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The Unknown Soldier (Der Unbekannte Soldat) Film Review

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Damning Documentary Indicts German Civilians in Slaughter of Jews during WWII


In the wake of World War II, most Germans have been raised with the mistaken belief that the Holocaust had been planned and executed by just a tiny minority of Nazis, namely, the Gestapo and the SS. The sad truth, however, is that Hitler's philosophy of ethnic cleansing, as the Fuhrer so brazenly espoused in his frightening manifesto, Mein Kampf, had been enthusiastingly embraced not only by the entire military but also by most of the civilian population.

The long-suppressed proof of their widespread collaboration and participation was unveiled in The Wehrmacht Exhibition, a damning collection of photographs and film footage which toured Deutschland between 1999 and 2004. The show shook the country to its core, because it forced folks to face up to the fact that it took much more than a madman and his henchmen to wipe out six million.


Directed by Michael Verhoeven, MD, The Unknown Soldier is a telling exploration of Germany's present-day psyche, as his camera captures its citizens often explosive response to viewing The Wehrmacht Exhibition and thereby learning of the atrocities committed by their forbears during WWII. This might not be surprising to those aware of the reported rise of neo-Nazis and the accompanying explosion of anti-Semitism again across Europe as of late.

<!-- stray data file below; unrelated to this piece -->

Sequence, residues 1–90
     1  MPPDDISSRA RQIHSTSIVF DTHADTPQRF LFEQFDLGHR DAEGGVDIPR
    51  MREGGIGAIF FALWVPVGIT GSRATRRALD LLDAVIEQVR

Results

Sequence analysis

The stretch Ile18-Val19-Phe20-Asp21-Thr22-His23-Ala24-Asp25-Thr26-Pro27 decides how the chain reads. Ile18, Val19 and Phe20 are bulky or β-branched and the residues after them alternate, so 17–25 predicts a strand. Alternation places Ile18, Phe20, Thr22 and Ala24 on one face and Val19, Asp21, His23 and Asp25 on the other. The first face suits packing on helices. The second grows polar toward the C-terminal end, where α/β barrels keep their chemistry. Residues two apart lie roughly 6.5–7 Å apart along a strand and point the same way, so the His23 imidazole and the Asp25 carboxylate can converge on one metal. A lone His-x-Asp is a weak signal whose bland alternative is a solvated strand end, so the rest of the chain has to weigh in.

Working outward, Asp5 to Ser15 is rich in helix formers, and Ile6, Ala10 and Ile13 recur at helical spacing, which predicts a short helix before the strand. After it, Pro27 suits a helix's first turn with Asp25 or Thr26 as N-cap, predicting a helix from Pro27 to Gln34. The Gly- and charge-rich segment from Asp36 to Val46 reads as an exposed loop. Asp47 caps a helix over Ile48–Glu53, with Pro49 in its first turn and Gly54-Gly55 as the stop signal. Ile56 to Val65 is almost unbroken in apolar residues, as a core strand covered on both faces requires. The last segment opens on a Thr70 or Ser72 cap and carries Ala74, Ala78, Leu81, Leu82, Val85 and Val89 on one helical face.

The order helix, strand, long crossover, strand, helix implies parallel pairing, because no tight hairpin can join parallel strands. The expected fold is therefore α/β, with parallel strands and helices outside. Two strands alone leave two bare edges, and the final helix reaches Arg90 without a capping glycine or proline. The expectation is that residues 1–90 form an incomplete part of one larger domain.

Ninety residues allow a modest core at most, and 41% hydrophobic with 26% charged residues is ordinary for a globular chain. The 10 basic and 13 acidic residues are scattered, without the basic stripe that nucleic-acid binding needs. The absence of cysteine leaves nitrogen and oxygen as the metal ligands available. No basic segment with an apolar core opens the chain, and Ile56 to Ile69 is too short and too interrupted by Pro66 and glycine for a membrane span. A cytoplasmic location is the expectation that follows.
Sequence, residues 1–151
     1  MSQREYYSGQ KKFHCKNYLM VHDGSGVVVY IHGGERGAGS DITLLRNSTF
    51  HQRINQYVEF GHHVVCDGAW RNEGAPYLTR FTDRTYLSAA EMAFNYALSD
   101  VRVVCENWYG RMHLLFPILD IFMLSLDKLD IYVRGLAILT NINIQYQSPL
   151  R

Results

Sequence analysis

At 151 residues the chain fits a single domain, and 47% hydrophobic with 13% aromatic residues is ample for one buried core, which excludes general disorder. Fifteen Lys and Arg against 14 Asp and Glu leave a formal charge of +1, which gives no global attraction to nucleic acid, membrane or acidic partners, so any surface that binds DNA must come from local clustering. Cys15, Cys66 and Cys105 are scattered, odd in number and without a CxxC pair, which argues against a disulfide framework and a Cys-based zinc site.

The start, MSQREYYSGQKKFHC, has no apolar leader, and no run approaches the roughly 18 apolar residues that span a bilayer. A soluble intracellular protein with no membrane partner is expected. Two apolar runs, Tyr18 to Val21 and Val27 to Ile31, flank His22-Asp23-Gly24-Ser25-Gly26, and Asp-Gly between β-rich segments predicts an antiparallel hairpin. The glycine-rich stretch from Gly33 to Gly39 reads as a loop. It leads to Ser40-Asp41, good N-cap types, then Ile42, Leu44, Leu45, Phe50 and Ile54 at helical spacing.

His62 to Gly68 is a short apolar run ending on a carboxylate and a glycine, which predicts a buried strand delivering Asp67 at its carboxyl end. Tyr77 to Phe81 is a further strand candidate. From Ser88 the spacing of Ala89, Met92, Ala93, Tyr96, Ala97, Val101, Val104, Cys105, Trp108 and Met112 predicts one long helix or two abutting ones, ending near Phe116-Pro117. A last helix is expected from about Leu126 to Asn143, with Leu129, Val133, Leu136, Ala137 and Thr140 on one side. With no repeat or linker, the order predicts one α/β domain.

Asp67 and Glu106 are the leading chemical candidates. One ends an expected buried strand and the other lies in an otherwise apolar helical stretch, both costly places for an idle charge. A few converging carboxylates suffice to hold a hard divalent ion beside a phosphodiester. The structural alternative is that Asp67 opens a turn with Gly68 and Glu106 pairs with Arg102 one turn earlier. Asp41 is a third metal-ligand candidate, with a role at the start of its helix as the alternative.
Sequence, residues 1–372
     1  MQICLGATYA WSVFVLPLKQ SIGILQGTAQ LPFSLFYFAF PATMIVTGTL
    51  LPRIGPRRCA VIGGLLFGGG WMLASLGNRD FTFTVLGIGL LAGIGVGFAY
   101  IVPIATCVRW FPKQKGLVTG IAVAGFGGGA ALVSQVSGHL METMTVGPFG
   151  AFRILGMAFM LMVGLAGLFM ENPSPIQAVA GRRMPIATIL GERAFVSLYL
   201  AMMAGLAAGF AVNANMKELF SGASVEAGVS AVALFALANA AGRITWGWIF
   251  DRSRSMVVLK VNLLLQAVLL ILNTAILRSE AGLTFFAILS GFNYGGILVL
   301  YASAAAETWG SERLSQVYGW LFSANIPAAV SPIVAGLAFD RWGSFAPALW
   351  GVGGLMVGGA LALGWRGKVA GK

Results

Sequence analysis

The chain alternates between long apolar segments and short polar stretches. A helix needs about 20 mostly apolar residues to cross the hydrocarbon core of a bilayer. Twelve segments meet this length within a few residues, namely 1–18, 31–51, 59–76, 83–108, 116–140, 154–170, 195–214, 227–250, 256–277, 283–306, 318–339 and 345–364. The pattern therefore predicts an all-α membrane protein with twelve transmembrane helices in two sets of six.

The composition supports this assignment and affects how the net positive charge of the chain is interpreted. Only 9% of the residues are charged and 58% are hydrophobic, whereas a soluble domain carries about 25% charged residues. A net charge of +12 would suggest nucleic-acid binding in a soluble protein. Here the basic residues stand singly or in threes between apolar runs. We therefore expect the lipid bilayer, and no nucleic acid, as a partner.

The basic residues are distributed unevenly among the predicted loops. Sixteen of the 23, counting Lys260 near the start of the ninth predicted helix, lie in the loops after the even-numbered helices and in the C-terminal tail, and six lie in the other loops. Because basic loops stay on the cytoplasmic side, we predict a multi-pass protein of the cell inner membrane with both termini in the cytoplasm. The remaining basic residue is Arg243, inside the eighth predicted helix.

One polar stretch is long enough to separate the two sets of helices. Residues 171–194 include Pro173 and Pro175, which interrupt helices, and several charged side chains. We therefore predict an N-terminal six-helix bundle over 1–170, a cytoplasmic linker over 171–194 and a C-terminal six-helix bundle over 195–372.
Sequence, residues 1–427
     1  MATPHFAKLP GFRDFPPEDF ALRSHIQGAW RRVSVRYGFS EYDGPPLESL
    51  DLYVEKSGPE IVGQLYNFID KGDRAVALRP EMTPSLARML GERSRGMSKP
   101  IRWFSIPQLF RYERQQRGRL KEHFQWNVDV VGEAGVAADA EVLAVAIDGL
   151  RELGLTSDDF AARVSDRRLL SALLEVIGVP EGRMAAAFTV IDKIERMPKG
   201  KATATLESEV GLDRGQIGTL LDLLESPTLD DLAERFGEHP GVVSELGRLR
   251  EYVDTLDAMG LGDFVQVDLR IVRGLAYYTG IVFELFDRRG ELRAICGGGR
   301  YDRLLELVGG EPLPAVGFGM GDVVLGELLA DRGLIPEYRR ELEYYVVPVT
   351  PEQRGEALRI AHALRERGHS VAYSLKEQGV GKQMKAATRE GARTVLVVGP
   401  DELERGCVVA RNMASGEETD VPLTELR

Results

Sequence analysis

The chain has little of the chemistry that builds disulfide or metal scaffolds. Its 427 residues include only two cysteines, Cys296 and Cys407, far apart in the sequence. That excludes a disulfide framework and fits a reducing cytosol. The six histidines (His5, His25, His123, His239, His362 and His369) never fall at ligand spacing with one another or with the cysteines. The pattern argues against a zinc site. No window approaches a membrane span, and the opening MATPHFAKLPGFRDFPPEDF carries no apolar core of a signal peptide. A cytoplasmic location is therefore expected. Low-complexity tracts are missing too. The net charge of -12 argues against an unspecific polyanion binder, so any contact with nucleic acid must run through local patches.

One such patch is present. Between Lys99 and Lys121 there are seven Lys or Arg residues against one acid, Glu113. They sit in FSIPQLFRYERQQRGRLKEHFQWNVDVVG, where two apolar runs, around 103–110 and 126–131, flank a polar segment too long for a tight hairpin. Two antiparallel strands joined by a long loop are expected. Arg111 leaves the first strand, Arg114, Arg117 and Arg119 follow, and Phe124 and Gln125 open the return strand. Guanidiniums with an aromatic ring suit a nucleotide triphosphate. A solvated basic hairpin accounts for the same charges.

What is quite shocking, nonetheless, are all the snapshots and newsreels we see here of Jews being stripped naked and murdered on the spot or being herded together to be marched off to concentration camps by their sadistic, clearly smirking neighbors, often without the involvement of uniformed members of the Nazi Party. Even if you've watched archival evidence of the Holocaust before, anyone with a soul and a functioning conscience intact ought to brace yourself to be sickened afresh by this nauseating, if necessary, reminder of man's inhumanity to man.

Never again!

Excellent (4 stars)
Unrated
In German with subtitles.
Running time: 97 minutes
Studio: First Run Features

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